Doug: One of my core tenants for managing Family Inc. is to act like a “growth investor” with my labor assets and a “value investor” with my financial assets.  I recommend this approach because of the asymmetry of risk in these different scenarios.  As an equity investor, I can experience both gain and loss equally and significant growth usually comes with increased financial risk often in the form of higher valuations.  On the contrary, being an employee possesses a payout much more like an option.  If the company is financially successful, you will likely accumulate significant wealth and experience good career progression as your responsibilities and skills grow with the organization.  However, if the company is not as successful as expected, you can take your experiences and lessons learned in an early stage growth company and benefit from those battle scars by re-deploying your labor in a new rapidly growing, dynamic opportunity.  This is not to suggest, that slow-growth, value-oriented companies can’t offer attractive employment opportunities, but I think these situations are usually most interesting for senior managers who can financially benefit both as an employee and owner in some capacity through direct investment or options.  In these leadership positions, managers often get very concentrated ownership positions that make their risk profile more aligned with that of an investor.

AA: You recommend against investing in commodities. Others agree. Harvard’s endowment reduced its public commodity exposure from 8% in 2008 to 0% in 2014. Yet investors have relied on the diversification benefits provided by commodities for many years, and some academics maintain that there is still a commodity risk premium received for bearing future spot price risk, as expressed in this paper, and which is a subject we discussed here. Do you think you think commodities an asset class are dead?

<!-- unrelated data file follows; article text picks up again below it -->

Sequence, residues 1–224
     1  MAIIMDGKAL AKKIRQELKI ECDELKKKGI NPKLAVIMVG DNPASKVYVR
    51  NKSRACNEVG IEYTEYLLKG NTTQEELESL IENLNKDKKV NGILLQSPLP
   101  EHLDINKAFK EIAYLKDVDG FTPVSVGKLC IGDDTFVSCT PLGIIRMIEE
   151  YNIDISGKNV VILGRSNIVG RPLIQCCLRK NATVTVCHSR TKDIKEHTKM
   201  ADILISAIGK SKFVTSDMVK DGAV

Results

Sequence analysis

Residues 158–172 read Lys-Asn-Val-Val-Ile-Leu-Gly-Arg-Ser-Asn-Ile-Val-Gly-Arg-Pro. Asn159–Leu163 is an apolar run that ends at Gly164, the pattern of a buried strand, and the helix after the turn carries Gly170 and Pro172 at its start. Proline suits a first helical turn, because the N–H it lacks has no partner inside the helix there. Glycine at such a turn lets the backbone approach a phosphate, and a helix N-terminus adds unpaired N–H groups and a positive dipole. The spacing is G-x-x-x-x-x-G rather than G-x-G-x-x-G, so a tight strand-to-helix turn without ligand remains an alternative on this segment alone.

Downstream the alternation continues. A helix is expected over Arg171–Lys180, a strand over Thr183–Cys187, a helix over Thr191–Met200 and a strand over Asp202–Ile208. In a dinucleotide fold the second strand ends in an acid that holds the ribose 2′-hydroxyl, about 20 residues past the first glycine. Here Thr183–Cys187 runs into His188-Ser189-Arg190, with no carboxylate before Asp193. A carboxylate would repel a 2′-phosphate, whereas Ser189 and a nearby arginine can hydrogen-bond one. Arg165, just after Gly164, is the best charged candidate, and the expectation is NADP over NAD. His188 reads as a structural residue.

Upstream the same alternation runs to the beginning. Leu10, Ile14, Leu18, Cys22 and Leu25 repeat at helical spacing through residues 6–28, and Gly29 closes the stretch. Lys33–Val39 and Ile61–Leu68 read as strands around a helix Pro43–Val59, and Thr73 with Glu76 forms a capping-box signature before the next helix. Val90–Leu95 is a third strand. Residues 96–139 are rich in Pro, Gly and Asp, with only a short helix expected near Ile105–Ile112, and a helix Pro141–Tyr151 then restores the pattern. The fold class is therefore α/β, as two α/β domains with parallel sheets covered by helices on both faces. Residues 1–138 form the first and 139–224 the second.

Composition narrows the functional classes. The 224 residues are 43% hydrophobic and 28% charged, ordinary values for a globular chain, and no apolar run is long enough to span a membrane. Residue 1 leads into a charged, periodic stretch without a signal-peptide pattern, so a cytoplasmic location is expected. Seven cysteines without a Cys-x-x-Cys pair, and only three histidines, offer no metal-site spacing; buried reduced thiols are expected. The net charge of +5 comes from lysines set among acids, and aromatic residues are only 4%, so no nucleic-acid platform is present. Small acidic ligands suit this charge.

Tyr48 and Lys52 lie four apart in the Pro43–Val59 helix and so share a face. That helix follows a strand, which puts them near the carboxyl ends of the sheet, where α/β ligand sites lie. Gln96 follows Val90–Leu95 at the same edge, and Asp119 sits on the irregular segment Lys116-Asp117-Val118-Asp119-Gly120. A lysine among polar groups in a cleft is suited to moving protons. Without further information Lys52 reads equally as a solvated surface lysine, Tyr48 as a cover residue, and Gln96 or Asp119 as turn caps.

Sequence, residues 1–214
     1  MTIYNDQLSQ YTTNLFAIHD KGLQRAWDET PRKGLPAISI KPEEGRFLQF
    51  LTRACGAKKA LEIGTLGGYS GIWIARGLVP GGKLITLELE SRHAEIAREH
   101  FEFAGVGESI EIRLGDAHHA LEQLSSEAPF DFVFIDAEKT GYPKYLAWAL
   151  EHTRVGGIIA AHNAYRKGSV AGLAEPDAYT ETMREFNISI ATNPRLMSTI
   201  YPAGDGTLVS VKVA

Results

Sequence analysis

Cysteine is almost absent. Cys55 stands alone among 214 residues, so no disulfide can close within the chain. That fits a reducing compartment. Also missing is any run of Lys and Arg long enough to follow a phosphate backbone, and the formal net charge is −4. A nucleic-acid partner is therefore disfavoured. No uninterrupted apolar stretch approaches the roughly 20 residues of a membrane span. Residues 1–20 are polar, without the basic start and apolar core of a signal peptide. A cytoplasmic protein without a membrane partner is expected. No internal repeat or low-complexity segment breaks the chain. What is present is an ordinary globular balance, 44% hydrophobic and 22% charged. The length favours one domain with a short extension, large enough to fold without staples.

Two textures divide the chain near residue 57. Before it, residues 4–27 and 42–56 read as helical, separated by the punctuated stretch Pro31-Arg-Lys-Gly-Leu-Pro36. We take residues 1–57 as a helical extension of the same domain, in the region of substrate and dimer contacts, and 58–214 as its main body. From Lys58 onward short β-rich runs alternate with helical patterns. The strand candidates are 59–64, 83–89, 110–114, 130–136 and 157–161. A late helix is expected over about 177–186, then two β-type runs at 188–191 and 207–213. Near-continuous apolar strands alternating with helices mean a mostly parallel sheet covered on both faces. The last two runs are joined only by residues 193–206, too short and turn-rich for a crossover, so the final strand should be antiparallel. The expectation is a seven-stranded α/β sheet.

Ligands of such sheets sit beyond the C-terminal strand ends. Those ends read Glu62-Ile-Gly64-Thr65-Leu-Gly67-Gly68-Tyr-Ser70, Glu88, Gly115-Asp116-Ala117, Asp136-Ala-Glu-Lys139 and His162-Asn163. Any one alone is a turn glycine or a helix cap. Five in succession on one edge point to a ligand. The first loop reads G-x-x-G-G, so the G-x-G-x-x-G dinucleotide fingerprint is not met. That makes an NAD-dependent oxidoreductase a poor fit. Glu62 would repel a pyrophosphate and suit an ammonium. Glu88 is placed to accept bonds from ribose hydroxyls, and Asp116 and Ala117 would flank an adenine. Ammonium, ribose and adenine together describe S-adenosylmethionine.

Doug: In a word, NO.  I suspect that Harvard’s reduced exposure is based on its view of inflation and the composition of the rest of its portfolio which includes private real assets such as real estate, natural resources and commodities.  Given this rationale, I view Harvard’s asset allocation to be a tactical move, not a commentary on the viability of commodities as an asset class in general.  As the paper points out, commodities do offer a risk premium for bearing future spot price risk and more importantly, have proven to be uncorrelated with stocks and bonds over the long term.  These attributes can make commodities an attractive asset class for businesses that have real hedging needs and money managers.  With all that said, I still don’t recommend commodities for the individual investor.  As individuals, we have other assets that insulate us from inflation risk; principally, our expected labor value, social security benefits and real estate holdings.  Given that these asset values are likely to increase with inflation over the long term, most families are relatively well positioned to endure inflation.  If you accumulate enough wealth such that these assets are an insignificant portion of your net worth, then exposure to commodities can make sense.

AA: You mention you set aside 5%-10% of your portfolio for your own investment ideas (in public markets). You add that it’s hard to benchmark your own performance to determine whether you have skill. You also have a day job in private equity. Why do you continue to pick stocks?

Doug: The honest answer is probably because I can’t help myself……. Throughout the book I advise that most investors should stick to passive equity investing.  I recommend this, not because I think the markets are efficient, but because few public market investors are good enough to compensate for the drag resulting from fees, expenses and taxes.  Furthermore, few individuals have the expertise to identify these exceptional money managers.  Occasionally, because of the resources I have through my professional endeavors, I find opportunities that are compelling enough to justify these extra costs and take advantage of them.  When I do select individual stocks, they generally possess three attributes:  a) business models that are relatively easy to understand; b) valuations that make the risk of being wrong relatively low; and c) long-term growth prospects that allow me to hold for a very long time.

AA: Thanks very much Doug. I’m sure readers will appreciate the insights.

Doug: My pleasure.